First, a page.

Detailed, comprehensive recommendations by the cityâ€™s Medical Marijuana Task Force were ignored in the proposed ordinance. The cityâ€™s planning commission favored factually inaccurate opponents of dispensaries and ignored evidence that local crime is reduced in neighborhoods with dispensaries.
The city is ignoring overwhelming evidence that:
â€¢ Medical marijuana does not cause consumers to become violent, as does alcohol.
â€¢ Cannabis doesnâ€™t have long-term, toxic effects on the body, as do cigarettes.
â€¢ Unlike cigarettes or alcohol, cannabis is NOT physically addictive.
â€¢ Marijuana is NOT a â€œgateway drugâ€ that leads inevitably to hard drugs like heroin.
â€¢ According to police reports, neighborhood crime is actually reduced where dispensaries are located.
Mobilizing for March 28th
Over 20 local, state and national medical marijuana organizations (including L.E.A.P.) are mobilizing to oppose the highly restrictive ordinance being considered by the city council. It will be an unconstitutional de facto ban on legal dispensaries.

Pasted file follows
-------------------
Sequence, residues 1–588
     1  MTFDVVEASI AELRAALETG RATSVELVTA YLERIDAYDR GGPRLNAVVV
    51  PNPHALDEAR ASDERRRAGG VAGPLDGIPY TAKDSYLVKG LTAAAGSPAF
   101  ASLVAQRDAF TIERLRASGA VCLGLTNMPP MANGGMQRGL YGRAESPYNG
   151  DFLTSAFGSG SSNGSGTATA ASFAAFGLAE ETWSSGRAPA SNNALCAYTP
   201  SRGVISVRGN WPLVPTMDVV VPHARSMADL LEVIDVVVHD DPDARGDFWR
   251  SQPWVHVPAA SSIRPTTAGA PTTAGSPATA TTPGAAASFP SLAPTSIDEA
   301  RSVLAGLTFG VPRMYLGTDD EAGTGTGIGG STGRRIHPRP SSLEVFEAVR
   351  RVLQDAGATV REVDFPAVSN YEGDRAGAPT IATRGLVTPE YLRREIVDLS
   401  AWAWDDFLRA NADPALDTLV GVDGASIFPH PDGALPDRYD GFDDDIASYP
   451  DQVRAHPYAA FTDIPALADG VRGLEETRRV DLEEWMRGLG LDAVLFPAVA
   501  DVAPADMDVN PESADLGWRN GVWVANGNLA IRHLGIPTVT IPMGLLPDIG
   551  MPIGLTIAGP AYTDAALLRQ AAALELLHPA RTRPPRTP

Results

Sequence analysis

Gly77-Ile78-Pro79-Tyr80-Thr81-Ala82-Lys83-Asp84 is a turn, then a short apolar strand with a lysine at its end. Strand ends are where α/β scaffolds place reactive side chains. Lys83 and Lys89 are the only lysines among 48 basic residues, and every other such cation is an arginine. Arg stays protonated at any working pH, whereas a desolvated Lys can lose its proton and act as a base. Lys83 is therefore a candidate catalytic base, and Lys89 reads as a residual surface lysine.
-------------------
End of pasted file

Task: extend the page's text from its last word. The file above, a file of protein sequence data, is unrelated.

On March 25th, the campaign will hold a news conference and candlelight vigil at 6:30 p.m. at the Veterans Memorial Garden at 2115 Park Blvd. near Balboa Park.
On March 28th, the Stop-the-Ban Campaign is organizing a rally at the Federal Courthouse at 940 Front St. at noon. At 1:30 p.m., those at the rally will march over to city hall for the city councilâ€™s meeting at 2 p.m.
Organizers are using the internet and social networks to mobilize the troops in the cannabis community, and itâ€™s working, especially among young people. Roughly 100 million Americans â€“ ordinary Americans â€“ or about one third of the population acknowledge that they have consumed marijuana in the past month.
Despite having some of the strictest laws against marijuana in the world, the U.S. has the largest number of marijuana users. Each year, about 750,000 Americans are arrested for simple possession of a small amount of marijuana. Many are in state prisons, including Donovan State Prison in San Diego County, for only one joint. The U.S. has about 5% of the worldâ€™s population, but 25% of its prisoners. Law enforcement officers currently arrest an American on marijuana-related charges every 38 seconds. California now spends more money on prisoners ($216,013) than it does on educating our kids ($7,905). Regulating, controlling and taxing marijuana nationally would save the government about $41.3 billion in law enforcement costs.